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  1. Permissibility Is the Only Feasible Deontic Primitive.Johan E. Gustafsson - 2020 - Philosophical Perspectives 34 (1):117-133.
    Moral obligation and permissibility are usually thought to be interdefinable. Following the pattern of the duality definitions of necessity and possibility, we have that something’s being permissible could be defined as its not being obligatory to not do it. And that something’s being obligatory could be defined as its not being permissible to not do it. In this paper, I argue that neither direction of this alleged interdefinability works. Roughly, the problem is that a claim that some act is obligatory (...)
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  • Moral Dilemmas.Terrance McConnell - 2010 - Stanford Encyclopedia of Philosophy.
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  • Maximalism Versus Omnism About Permissibility.Douglas Portmore - 2017 - Pacific Philosophical Quarterly 98 (S1):427-452.
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  • Prima Facie Obligation and Doing the Best One Can.Michael J. Zimmerman - 1995 - Philosophical Studies 78 (2):87 - 123.
    Analyses are given of the concepts of absolute and prima facie obligation. The former is a maximizing analysis: roughly, one ought absolutely to perform those actions which are performed in the best worlds accessible to one. The latter analysis is roughly this: one ought prima facie to perform those actions which are such that those accessible worlds in which they are performed are better than the closest accessible worlds in which they are not performed. Accounts of conditional obligation, both absolute (...)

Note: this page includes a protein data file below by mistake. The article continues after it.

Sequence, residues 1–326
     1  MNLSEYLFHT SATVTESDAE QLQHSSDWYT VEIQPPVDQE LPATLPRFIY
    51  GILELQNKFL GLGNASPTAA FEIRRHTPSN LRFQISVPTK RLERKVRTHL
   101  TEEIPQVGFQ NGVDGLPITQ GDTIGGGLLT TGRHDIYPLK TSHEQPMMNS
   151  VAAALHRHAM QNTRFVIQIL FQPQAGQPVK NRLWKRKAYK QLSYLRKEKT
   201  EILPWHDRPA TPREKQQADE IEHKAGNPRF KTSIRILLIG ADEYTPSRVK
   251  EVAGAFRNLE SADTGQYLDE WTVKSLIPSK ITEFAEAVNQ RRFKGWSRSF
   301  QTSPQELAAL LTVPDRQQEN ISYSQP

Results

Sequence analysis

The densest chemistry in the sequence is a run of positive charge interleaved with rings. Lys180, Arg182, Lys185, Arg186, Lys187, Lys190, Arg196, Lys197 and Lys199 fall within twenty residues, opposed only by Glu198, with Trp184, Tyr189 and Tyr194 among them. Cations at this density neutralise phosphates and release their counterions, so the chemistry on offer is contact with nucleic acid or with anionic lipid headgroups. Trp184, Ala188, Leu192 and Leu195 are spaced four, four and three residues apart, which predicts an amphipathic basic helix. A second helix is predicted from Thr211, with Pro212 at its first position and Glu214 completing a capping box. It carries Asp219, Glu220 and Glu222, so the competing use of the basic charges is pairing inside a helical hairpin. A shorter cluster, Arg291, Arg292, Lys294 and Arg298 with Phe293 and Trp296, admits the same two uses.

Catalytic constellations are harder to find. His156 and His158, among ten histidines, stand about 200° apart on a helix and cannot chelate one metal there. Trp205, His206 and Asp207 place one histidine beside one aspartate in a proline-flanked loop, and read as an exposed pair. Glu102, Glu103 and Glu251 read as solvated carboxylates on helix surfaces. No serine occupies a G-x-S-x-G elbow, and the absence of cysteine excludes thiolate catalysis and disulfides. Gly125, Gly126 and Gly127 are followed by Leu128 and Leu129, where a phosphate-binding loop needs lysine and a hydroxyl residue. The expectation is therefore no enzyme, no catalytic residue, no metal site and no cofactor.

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  • Is Objective Act Consequentialism Satisfiable?Johan E. Gustafsson - 2019 - Analysis 79 (2):193-202.
    A compelling requirement on normative theories is that they should be satisfiable, that is, in every possible choice situation with a finite number of alternatives, there should be at least one performable act such that, if one were to perform that act, one would comply with the theory. In this paper, I argue that, given some standard assumptions about free will and counterfactuals, Objective Act Consequentialism violates this requirement.
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